I used one skein of Cascade 220 Wool, and I checked my gauge, but this thing must have mutated to gargantuan proportions after blocking. It. is. huge. It’s bobby pinned into place in the picture, to show what it should look like. I really like the would-be result, so I think I’ll rip it and try again with much fewer stitches. When I re-knit, I think I’ll use —hey!—American Moss Stitch! This will also give me a chance to do a fancy contrasting lining inside the brim like Kent’s second beret. I don’t think I’m much of a beret-type girl, so this will probably be a gift.
moss stitch beret
Friday, August 17, 2007 by smallbirdblog
I couldn’t resist the beautiful photo of Kent’s Moss Stitch Beret when I first saw it on Ravelry, and decided it would make a nice little travel project. Kent has indeed made updates to the pattern and assures me that the new version works for real. 🙂 But even a perfectly written pattern cannot stop me from making my own knitting blunders! For starters, I used the wrong stitch. I looked up moss stitch on the good old internets and found British Moss Stitch and American Moss Stitch. So I used British Moss Stitch. Which is what I would normally refer to as seed stitch. Why I chose the British version, I do not know. I’m not British. Maybe I thought it would look better with some British flava. Maybe I thought that Kent thought that it would look better with some British flava. But I was evidently supposed to use American Moss Stitch, also known as…moss stitch. Right. Anyway.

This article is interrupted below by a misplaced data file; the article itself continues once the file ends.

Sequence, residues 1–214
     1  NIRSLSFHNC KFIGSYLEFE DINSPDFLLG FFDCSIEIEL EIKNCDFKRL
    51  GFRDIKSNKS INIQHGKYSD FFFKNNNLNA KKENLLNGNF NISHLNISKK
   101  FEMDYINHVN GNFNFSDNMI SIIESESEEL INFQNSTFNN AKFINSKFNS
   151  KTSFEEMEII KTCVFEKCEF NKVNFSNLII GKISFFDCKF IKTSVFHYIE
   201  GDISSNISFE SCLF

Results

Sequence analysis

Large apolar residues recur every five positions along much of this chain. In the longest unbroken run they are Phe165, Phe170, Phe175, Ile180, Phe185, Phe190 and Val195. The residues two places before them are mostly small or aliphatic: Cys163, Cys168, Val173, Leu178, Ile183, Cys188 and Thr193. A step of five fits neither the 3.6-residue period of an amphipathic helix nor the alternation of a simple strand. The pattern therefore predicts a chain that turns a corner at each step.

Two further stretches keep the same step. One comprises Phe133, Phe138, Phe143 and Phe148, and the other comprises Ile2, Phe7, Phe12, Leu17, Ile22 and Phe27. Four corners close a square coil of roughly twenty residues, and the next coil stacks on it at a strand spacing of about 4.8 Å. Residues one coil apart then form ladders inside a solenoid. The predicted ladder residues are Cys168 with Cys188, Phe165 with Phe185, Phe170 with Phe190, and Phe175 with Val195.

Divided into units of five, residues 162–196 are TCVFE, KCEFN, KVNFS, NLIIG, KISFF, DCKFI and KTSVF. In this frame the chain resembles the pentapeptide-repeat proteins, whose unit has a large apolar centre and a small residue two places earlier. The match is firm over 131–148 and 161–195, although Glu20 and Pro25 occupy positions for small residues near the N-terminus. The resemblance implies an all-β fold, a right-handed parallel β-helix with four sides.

What I like best about this pattern is the construction of the brim. No, let me clarify. I LOVE the construction of the brim. The brim is sort of hemmed. (Do we have a different name for that in knitting?) You knit 3″ of stockinette then fold it under and knit the CO edge into the rest of the hat. I forced two of my knitting pals to look at it, and one of them was moved to exclaim, “Wow, it’s like a real hat!” Now that’s a compliment.